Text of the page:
Q:What inspired you to write “Counting Down to Zero (From 1) and when was it written?
A:I wrote it back in 2006, and it’s the first and only song I ever wrote for Pop Gun. When we started the band back in 1992, we did play “Packie Run” (written by Greg) for a while because two of us were from Huck 2 which had just ended, and we needed to build up our set quickly. I wanted to introduce a mid-tempo rocker with the laid back verses and big choruses, like The Pixies and Nirvana did so well. We only got to play it live once or twice live before the band imploded for four years.
Q: What is the song is about?
A: A really bad night. The band I was in at the time, in the early ‘80s, was at a party and some old friends crashed it. If I remember correctly, the sister of one of our band members wanted them gone because one of the guys was her ex-boyfriend and things didn’t end well. We told them to leave and they wouldn’t, so a fight ensued.
Q: Do you mean lots of yelling?
A:At first! Then it went outside and there was some pushing and shoving, and I think maybe a punch or two. When the dust settled, some friendships ended and so did the band. I felt like a chapter of my life ended and changes were ahead. It’s all summed up in the lyric, “Change comes easy when it all falls apart.”
Q: When did you decide to go into the studio?
A:In 2016, I was set to record a second Precious Few CD with my old friend Mark Rockower, who coincidentally was around that fateful night that inspired “Zero,” although he doesn’t remember it the way I do! But circumstances forced us to put it on hold.
Q: Pop Gun also ended for a while in 2016, correct?
A:Yes we did, for almost exactly a year. So suddenly I went from juggling two music projects to nothing. I realized the only way I was going to get anything done at that time was to do it myself. So I hunkered down, began writing, and then booked time at David Minehan’s Woolly Mammoth Sound.
Q:In the studio, was it you and engineer bouncing ideas off of each other?
A:Definitely! David is a very hands-on producer, which is exactly what I need. If left to my devices I am very capable of ruining a song! I remember telling David I wanted to cut the guitars on a chorus and just let these “We Will Rock You” handclaps carry it. He said nah, you’re not going to do that. I laughed my ass off, but I listened to him.
Q:What instruments do you play on the song?
A:I play rhythm guitar and the drums on the choruses. My son Dylan play them during the verses because he had this cool idea to play it like Travis Barker did on Blink 182’s “I Miss You.” Dylan also plays guitar and the bass on the track, and Jim Melanson (Pop Gun, Little Billy Lost) brought some muscle to it with some big power chords and leads.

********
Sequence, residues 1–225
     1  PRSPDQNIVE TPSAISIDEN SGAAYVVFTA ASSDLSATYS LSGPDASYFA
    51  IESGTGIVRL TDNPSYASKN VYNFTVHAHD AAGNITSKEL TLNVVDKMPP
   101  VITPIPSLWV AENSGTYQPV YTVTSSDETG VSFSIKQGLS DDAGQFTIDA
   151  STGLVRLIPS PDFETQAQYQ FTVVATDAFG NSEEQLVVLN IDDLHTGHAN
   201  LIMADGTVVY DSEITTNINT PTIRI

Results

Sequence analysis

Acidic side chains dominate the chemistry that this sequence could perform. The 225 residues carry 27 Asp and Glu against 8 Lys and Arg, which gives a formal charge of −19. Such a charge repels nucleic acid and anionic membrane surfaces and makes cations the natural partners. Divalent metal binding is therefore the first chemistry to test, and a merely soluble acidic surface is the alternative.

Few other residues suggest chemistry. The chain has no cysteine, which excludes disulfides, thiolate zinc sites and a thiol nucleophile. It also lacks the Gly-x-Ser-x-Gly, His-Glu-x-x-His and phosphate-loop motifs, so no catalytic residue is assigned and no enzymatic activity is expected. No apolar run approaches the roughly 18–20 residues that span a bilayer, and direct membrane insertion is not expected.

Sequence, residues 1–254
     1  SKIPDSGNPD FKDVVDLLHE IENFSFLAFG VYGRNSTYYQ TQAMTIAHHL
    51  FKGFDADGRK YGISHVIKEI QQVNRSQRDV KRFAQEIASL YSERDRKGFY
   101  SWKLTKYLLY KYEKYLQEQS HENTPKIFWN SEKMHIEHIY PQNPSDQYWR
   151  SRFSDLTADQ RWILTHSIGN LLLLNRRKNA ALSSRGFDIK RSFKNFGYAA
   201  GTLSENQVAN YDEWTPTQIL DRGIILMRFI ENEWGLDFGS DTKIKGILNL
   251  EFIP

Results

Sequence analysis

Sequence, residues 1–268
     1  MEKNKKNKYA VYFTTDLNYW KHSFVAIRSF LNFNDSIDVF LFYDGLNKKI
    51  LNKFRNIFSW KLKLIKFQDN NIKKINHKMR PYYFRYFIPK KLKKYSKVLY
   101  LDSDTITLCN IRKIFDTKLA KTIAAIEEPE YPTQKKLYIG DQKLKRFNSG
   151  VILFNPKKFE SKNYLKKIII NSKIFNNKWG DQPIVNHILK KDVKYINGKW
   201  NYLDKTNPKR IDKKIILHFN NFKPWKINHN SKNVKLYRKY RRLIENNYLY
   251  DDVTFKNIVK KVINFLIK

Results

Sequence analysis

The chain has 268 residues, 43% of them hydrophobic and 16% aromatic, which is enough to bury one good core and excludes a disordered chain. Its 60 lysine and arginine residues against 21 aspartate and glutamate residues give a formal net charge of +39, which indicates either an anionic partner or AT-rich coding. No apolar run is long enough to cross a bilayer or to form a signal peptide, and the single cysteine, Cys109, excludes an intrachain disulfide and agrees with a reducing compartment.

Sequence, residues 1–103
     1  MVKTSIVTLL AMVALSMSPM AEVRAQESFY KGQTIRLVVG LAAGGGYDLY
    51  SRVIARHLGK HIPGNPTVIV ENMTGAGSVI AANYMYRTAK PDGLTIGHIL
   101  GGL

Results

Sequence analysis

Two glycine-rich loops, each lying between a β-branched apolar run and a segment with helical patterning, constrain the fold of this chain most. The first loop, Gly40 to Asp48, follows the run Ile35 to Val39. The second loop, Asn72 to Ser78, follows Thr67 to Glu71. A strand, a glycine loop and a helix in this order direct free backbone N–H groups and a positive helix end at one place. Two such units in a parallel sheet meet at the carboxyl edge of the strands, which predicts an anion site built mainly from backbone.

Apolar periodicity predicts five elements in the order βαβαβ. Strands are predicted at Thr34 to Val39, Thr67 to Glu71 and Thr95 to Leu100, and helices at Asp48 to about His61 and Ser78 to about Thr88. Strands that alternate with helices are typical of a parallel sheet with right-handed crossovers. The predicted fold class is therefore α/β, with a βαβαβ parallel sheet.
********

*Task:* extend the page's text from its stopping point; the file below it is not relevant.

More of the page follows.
Q:Were the words set to music or did the words come first?
A:It was a while back, but I’m pretty confident the music came first because that’s usually the route I take. But I did go into it knowing I wanted to write a song about that night.
Q:Are you doing a Greg Walsh retrospective with key songs from bands you played with through the years?
A:I don’t think that was a goal but a lot of my older songs did end up on The Precious Few CD, and a few other nuggets were dug up for New Ghosts. The focus will be on new stuff, though.
Q:Any other songs in the pipeline?
A:Dylan and I just recorded a Jonee Earthquake song for an upcoming compilation of bands covering his music. He’s a New England icon, the punk rock pirate who captures every stage he plays. We played in the band Zippo Raid together for many years, so I wanted to be a part of the CD.
Q:Was that also recorded at Woolly Mammoth?
A:No, we recorded it on Dylan’s home studio because the DIY thing is very much what Jonee is all about. He has a song called “DIY or Die.”
Q:What is your ultimate goal?
A:To get the songs out there, and that’s slowly been happening. “Zero” has been picked up at different stations across the country, stations that are both terrestrial and internet based. The coolest thing is that it’s getting played across Europe, including Sweden, Italy and the U.K. That’s almost incomprehensible to me. There’s something about hearing your band introduced with an English accent that makes you feel at least somewhat legit!